Rainbow Seed Fund & University of Birmingham Back Promising Technology Spinout Linear Diagnostics

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Rainbow Seed Fund & University of Birmingham Back Promising Technology Spinout Linear Diagnostics

Spinout developing novel hand-held reader to help in the fight against antibiotic resistance


Birmingham, UK (PRWEB UK) 24 May 2017Rainbow Seed Fund, an early-stage venture capital fund focused on building technology companies from the UK’s research base, announced today an investment into University of Birmingham spinout Linear Diagnostics. The investment was match-funded with an award from the University of Birmingham’s Spinout Investment fund and the company received a total investment of £300,000.

The investment will enable Linear Diagnostics to develop its platform technology into a handheld device that can rapidly detect the presence of bacterial infection and simultaneously identify the risk of resistance to the most commonly prescribed antibiotics, without the need for laboratory facilities. The device will provide a readout within minutes of sampling.


The technology is based on a novel application of a technique called linear dichroism, which uses polarized light to measure the alignment of detector molecules. Linear dichroism has a number of advantages over current techniques: it can identify several different target types (bacteria, proteins, genes) in the same test, and provide a quantitative reading for each, from the same test sample.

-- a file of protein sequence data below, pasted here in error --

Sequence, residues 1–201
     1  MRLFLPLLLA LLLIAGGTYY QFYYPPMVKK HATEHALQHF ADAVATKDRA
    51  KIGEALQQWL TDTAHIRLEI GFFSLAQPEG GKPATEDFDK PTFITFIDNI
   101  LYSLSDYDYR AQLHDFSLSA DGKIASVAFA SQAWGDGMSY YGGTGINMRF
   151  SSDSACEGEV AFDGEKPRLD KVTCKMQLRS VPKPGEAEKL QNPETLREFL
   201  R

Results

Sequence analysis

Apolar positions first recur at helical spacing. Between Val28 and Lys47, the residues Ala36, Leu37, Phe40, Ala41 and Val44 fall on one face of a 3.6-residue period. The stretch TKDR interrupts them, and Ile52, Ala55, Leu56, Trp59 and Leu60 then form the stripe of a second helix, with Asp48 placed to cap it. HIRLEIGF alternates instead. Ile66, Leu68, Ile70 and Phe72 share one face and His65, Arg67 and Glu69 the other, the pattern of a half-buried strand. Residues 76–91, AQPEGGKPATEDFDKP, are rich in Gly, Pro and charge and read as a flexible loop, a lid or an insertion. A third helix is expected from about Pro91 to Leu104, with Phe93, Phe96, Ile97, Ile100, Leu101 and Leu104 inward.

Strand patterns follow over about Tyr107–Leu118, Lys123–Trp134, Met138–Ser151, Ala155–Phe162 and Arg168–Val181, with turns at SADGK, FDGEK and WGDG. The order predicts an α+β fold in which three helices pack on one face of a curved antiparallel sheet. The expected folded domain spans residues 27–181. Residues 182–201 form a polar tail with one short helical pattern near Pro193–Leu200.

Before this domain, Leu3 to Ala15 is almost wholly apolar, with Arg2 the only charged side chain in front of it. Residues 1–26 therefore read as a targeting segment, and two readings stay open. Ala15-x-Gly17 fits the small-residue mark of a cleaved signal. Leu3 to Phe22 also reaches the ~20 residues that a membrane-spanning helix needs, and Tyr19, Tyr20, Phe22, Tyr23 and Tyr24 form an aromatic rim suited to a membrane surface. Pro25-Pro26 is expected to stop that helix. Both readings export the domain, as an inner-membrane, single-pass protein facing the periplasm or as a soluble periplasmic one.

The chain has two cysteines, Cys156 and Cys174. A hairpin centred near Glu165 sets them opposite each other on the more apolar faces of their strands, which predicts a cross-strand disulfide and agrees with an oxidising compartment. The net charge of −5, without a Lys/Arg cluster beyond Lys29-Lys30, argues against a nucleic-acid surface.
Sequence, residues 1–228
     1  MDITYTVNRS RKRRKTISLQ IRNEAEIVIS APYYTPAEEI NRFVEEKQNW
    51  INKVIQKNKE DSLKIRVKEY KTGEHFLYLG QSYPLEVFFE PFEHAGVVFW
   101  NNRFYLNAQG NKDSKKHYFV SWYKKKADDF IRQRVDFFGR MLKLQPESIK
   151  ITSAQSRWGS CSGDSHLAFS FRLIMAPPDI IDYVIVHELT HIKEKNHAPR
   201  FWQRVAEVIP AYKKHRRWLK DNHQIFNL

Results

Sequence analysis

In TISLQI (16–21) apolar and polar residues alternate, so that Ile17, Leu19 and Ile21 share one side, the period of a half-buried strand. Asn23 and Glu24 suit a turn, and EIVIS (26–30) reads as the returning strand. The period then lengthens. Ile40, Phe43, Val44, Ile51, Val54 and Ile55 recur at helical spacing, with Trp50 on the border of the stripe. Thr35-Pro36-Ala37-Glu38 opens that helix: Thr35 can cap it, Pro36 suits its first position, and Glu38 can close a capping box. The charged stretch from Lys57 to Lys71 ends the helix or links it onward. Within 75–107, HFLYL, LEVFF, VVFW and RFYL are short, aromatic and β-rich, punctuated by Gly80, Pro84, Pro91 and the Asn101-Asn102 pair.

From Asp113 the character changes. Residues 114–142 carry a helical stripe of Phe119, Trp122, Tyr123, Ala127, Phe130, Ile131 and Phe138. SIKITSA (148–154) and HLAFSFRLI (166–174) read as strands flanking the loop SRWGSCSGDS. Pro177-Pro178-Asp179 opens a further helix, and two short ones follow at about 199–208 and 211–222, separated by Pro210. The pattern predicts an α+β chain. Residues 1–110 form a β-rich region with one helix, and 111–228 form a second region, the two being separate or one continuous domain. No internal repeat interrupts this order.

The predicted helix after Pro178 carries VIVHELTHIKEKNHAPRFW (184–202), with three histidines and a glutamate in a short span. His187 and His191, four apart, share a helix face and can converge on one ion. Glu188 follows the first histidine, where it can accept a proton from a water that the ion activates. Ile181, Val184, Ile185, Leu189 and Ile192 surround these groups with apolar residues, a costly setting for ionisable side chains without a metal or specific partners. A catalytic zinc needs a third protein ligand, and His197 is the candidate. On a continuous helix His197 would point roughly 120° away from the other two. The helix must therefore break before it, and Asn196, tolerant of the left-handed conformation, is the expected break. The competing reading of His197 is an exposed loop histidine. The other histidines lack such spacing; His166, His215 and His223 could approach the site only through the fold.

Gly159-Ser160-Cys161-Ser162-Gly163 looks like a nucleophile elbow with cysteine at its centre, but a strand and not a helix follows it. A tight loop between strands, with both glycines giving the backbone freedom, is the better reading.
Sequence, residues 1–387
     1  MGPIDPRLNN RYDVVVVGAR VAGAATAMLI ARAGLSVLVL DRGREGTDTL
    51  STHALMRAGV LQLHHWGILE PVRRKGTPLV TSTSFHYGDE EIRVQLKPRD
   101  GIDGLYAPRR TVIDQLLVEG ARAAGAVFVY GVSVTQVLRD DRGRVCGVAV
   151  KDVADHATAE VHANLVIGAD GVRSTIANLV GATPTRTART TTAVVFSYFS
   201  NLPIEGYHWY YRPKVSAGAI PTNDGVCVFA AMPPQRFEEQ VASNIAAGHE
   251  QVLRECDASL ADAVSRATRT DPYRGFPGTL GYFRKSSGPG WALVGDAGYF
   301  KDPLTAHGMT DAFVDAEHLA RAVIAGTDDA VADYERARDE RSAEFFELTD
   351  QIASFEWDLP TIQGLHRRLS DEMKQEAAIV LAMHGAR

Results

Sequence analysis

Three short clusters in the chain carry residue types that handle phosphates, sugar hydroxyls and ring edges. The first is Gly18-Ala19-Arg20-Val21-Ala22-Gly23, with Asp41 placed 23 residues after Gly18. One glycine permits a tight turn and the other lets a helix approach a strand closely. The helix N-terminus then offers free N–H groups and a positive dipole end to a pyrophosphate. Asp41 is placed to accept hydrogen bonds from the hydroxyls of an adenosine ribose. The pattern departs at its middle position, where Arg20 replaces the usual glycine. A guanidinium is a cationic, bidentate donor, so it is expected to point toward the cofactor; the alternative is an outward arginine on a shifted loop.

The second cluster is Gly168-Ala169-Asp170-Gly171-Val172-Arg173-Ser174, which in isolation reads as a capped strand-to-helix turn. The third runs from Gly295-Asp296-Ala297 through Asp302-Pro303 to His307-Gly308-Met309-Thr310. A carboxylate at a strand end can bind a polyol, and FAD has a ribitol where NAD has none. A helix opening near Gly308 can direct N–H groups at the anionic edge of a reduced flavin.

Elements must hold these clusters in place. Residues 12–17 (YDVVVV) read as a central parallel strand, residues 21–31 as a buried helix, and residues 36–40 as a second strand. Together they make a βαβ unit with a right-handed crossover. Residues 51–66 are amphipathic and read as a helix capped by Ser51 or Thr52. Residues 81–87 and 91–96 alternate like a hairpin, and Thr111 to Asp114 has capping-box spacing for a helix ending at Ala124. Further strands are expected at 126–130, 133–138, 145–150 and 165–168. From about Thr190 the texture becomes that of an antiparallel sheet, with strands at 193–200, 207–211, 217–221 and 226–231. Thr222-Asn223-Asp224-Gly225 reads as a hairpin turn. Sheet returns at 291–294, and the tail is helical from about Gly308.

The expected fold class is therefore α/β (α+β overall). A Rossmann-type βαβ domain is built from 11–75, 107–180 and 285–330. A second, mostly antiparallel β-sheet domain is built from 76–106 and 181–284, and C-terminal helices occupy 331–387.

The first application to be developed will be a device for the detection of Urinary Tract Infections (UTIs) and it is envisaged that the device will be used in both primary and secondary care where it will help restrict inappropriate prescriptions and contribute to the fight against antimicrobial resistance (AMR).

Oliver Sexton, Investment Director for the Rainbow Seed Fund said: “Antimicrobial resistance is a global health concern, and there is a clear need for new strategies to tackle it. Rapid diagnosis can both curtail the ineffective antibiotic prescribing that fuels antimicrobial resistance, and identify the appropriate course of treatment for the individual patient.”

Although the technology will initially be developed for the medical sector, it can be used to address markets in the agri-food, veterinary and defence settings. Dr James Wilkie, Director of Enterprise & Innovation at the University of Birmingham, said: “We have been impressed by the flexibility of the technology. In particular, the test is both qualitative and quantitative, which significantly increases the scope of its potential applications.”

Dr Matt Hicks, Chief Technology Officer and founder of Linear Diagnostics said: “The investment comes at a crucial inflexion point for the company. We have achieved proof of concept, and now have partnerships in place that will steer rapid development in an area of high unmet need, which also has a high volume of tests.”

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